Other KEY U.S. LAWS
Richard Udell, a Senior Trial Attorney in the Environmental Crimes Division, US Department of Justice, explains the origins and key points of the Oil Pollution Act of 1990 in respect to marine oil pollution.
OIL POLLUTION ACT
The Oil Pollution Act of 1990 (OPA 90), which was passed after the devastation of the Exxon Valdez oil spill in Alaska, updated The Clean Water Act (1972), which banned any discharge of oil into the navigable waters of the U.S. or any waters that affect natural resources in the U.S. exclusive economic zone in harmful quantities.
1. It is a crime to negligently or knowingly discharge a “harmful quantity” of oil into US waters.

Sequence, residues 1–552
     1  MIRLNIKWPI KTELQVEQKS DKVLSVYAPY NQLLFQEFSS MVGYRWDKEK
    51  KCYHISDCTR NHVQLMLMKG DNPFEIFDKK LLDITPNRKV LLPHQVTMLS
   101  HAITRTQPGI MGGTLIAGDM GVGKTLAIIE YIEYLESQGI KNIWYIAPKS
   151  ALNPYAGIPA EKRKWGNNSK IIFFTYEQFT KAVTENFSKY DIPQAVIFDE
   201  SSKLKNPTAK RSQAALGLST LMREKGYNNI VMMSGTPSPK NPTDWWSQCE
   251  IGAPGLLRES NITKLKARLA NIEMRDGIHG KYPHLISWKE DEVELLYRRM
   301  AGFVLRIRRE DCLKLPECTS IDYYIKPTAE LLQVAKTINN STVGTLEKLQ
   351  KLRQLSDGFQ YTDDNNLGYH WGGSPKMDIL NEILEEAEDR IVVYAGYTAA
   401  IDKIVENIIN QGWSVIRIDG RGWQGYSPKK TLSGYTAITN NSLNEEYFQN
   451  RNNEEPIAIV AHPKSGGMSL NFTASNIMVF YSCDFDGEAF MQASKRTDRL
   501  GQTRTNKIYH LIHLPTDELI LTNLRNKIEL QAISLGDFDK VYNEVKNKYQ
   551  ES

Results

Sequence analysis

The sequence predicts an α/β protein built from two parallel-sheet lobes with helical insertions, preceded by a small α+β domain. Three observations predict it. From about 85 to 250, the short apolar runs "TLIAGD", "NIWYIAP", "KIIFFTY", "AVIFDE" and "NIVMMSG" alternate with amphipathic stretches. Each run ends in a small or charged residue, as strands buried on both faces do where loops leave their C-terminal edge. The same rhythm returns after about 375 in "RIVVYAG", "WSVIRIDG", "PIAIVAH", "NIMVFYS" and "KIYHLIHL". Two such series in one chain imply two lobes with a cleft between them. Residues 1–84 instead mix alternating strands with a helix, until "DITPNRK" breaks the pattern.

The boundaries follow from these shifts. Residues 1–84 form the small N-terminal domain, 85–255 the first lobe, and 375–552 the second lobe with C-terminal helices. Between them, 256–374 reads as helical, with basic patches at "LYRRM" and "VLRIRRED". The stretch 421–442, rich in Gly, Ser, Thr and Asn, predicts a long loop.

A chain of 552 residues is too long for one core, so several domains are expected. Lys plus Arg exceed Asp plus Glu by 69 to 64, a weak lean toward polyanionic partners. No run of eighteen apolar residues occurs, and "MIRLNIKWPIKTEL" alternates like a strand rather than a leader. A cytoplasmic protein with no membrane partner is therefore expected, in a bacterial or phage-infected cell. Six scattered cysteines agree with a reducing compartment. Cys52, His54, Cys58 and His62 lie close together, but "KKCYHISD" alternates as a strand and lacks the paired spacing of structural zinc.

2. Any “person in charge” on a vessel that has discharged oil must immediately report the spill to the National Response Center.
Failing to report an oil spill or leak to the government is a felony.
Individuals can be fined up to $200,000 per incident and up to five years in prison. Corporations can be fined up to one million dollars for each violation.
PORTS AND WATERWAYS SAFETY ACT
The Ports and Waterways Safety Act of 1972 is mostly concerned with ensuring safety aboard vessels in US waters. It makes it a crime for “a person in charge” to fail to report a hazardous condition onboard a ship to the Coast Guard.
“Hazardous condition” is defined in this act as “any condition that may adversely affect the safety of any vessel, bridge, structure, or shore area or the environmental quality of any port, harbor, or navigable waterway of the United States.”
Failing to report a hazardous condition is a felony.
Individuals can be fined $200,000 per incident and up to five years in prison. Corporations can be fined up to a $1 million for each incidence.